A mother laid bare the "brutal reality" of her adoptive son's education after it had been damaged by exposure to alcohol in the womb.
Judith Knox says that her 12-year-old son has a range of behavioral problems resulting from Fetal Alcohol Spectrum Disorder (FASD).
It is estimated that 172,000 people could be affected by the disorder in Scotland.
But Ms. Knox said it had taken six years for her son to be properly diagnosed.
FASD is a generic term that describes the adverse physical and emotional conditions that affect people whose mothers drank during pregnancy. A new support service for parents and dependents, called FASD Hub Scotland, has been launched.
According to Ms. Knox, of Fife, who has been waiting for a long time, it would be highly anticipated, she told BBC Scotland that she did not want to name her son nor identify him with the help of recent photos.
She told BBC Scotland: "It has put a lot of pressure on the family, your parenting is always monitored and it only wants to keep your attention 100%, in 100% of cases.
The 51-year-old woman and her ex-husband adopted their son at the age of seven months and he quickly began to show worrying behavior.
This included biting his fingers until they bleed in the hope of preventing sleep, plastering on the walls to eat and ignoring the range. toys that his family had bought him.
His son was finally diagnosed with FASD at the age of six, after the doctors were initially wrong to think that he was suffering from a deficit hyperactivity disorder. of attention. But his behavior continued to push his family to the extreme.
"It was difficult at the time and it's still difficult," Ms. Knox said.
"Sometimes we cover bruises, this is the brutal reality.
"It has huge problems of social interaction, it is very intense and a lot of kids find it difficult.
"He may also be involved in risky behaviors because of his disability, his lack of impulse control, which can lead to a path of vulnerability."
She added, "People stopped and filmed our son falling apart and trying to protect us.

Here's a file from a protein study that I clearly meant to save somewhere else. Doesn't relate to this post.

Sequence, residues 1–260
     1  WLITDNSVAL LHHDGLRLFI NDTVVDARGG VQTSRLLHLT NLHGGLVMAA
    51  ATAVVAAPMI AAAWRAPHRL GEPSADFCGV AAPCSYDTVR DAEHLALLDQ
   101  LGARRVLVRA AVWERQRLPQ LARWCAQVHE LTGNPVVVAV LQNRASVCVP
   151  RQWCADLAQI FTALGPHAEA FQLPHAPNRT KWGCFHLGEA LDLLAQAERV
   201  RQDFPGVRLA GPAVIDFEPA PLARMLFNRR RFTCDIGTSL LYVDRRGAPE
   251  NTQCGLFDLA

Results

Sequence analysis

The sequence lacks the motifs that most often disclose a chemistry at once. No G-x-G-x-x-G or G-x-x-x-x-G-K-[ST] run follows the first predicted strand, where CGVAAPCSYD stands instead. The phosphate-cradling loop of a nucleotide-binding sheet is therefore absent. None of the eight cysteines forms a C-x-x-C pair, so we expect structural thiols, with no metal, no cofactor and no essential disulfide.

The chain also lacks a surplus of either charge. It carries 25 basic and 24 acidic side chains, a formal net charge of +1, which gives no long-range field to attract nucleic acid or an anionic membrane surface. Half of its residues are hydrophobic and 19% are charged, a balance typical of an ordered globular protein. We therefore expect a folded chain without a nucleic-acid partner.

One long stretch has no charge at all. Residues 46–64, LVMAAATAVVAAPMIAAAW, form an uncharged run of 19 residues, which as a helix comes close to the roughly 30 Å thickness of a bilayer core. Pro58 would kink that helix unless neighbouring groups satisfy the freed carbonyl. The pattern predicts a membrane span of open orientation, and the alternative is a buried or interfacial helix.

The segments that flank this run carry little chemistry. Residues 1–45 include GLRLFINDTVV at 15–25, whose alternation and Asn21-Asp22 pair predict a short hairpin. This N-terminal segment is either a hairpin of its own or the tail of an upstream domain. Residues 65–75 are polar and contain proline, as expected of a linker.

"If we go out for the day, we have to have a plan B, C, D and E."
Why is it so bad to drink during pregnancy?
The NHS recommends that the safest approach for pregnant women is not to drink alcohol at all to minimize the risk to their baby.
Risks occur when alcohol crosses the placental barrier from the mother to the developing fetus.
The fetus can only effectively treat alcohol when the liver is fully developed and high levels of alcohol can affect the development of organs and the brain.
The fetus is thought to be the most exposed during organ formation during the first three months of pregnancy, but lesions may occur at any time.
People affected by FASD may have a range of problems, such as differences in facial features as well as learning and behavioral difficulties.
It is estimated that about 3.2% of babies born in the UK are affected by FASD, nearly four times the rate of autism, but it is often undiagnosed or misunderstood by doctors and the general public.
The Scottish Government figures expose children in care or adopted to a significantly increased risk of FASD, with 75% of children referred for adoption having previously been exposed to alcohol during their pregnancy.
Ms. Knox said that despite the serious problems with her son's behavior, he was very caring and described him as "charming and very funny".
She added that the teenager, who resides in a specialized support school, plays drums and guitar, which is her greatest joy.
Looking to the future, she said that her aspirations for him were simple. "I hope that he will be able to tell the time, manage the money and stay safe and not end up in a bad situation," she said.
"We can not cure of FASD"
FASD Hub Scotland will provide direct support services to people affected by FASD or living with FASD.
Knox, who will be working on the new service launched by Adoption UK Scotland, said it would be a boon for people in her situation.
"I was not given any information about the disease or where I could get help and advice," she said. "At that time, I did not know any other parent or guardian in the same position and I felt very lonely and isolated."
Aliy Brown, project manager, added, "We can not cure FASD, but many people can live with great success with this disease if they receive the right support at the right time."
The Scottish Government donated £ 140,000 to the assistance service.
Public Health Minister Joe FitzPatrick said, "A diagnosis of FASD is difficult for families and we can not underestimate the challenges each diagnosis brings.
"It is essential that we recognize the needs of this group of children and youth and ensure that adequate support is available for them and their families when they need it most."